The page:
“There’s an amazing system that has helped hundreds of millions of Americans afford places to live,” he says. “But it’s a system not built to allow rural places to prosper in the same way as urban America.”
Lipsetz notes three factors that disproportionately impact rural housing, starting with access to credit. It’s both more difficult and more expensive to access the mortgage market in rural areas, he says — both for individuals and developers.
Next, there’s a concept he refers to as elasticity — the ability of different markets to deal with change. More populous, complex residential areas are better equipped to adapt to shifting conditions because their size softens the immediate effect.
Rural areas, on the other hand, see outsized impact from relatively small fluctuations. A gain or loss of five jobs, the arrival or departure of a single employer — all can come with major repercussions to housing.
Finally, rural areas simply have less capacity. Fewer people equals less specialization in a modern economy that demands it. The impact on housing can come in several forms, including shortages in building trades and even appraisers. “If you don’t have a home appraiser within 250 miles of your house,” Lipsetz says, “you’ll end up with dysfunctions of pricing in the market. The appraisals are less reliable.”
There are programs designed to deal with housing shortages, he adds, but they’re mostly built to work in concert with market forces in high-volume areas. “If you have a system like that for 50-plus years,” he says, “you end up with what we have today — wealth and population are extracted from rural places and given to places where economies and communities are more fully supported by the market.”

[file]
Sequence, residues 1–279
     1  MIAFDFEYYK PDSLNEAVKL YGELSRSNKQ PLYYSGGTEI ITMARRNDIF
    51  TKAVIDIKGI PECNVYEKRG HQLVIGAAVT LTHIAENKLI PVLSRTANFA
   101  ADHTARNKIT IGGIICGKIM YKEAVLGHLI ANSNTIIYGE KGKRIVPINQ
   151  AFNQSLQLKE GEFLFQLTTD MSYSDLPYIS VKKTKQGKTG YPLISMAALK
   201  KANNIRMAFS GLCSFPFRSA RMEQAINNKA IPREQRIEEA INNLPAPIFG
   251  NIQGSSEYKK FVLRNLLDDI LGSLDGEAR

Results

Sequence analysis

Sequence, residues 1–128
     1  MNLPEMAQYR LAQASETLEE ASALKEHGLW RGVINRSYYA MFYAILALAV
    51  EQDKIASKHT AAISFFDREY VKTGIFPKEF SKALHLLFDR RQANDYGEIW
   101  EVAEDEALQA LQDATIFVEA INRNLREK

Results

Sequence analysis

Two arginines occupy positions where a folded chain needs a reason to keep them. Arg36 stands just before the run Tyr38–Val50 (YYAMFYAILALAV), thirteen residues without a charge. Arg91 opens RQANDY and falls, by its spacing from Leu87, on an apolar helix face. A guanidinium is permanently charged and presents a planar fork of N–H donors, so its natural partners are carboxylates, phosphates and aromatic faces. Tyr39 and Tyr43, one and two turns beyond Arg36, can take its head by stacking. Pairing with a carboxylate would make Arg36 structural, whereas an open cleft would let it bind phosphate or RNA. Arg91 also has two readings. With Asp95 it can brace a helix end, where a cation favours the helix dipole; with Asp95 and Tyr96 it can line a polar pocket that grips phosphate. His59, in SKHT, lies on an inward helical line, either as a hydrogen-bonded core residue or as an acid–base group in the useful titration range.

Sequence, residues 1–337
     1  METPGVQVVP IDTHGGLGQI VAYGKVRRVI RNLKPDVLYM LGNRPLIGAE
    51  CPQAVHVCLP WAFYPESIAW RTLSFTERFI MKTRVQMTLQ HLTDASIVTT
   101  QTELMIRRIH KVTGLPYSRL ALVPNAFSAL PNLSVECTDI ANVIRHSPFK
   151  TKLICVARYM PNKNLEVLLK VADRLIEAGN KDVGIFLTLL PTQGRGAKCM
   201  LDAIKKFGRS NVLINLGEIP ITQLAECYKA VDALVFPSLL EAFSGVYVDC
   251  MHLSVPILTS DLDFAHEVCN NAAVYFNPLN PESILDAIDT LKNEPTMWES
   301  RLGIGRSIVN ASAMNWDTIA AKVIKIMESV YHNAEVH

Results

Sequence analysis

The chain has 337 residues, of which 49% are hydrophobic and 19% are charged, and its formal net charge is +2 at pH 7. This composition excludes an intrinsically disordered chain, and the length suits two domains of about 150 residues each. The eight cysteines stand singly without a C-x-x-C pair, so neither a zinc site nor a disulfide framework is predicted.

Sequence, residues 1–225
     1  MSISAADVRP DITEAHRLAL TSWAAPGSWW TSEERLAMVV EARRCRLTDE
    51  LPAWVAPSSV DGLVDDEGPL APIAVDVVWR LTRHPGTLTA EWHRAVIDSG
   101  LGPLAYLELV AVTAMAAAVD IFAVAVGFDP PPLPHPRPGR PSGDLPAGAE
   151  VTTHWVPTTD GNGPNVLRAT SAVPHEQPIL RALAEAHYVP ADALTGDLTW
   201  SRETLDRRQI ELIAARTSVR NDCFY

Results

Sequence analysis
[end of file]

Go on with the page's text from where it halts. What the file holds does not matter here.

But the good news, says Elena Wilken, executive director of Housing Colorado, an affordable housing advocacy group, is that just as rural areas feel disproportionate impact from small economic or population fluctuations, they also can turn relatively small investments into big differences. The trick is convincing policymakers that it’s worth the expense.
“The challenge in rural areas is that the numbers are small,” she says. “You can have a huge impact in a small community, but how do you measure success? I may think it’s worth it, but some people look at the numbers and say there’s only impact for 100 people.”
This year, Colorado’s legislature launched a historically broad effort to boost affordable housing statewide, even though it eventually was scaled back to fund other priorities. One bill headed for Gov. Jared Polis’ desk will double the amount Colorado puts toward tax credits for affordable housing from $5 million to $10 million annually from 2020-24.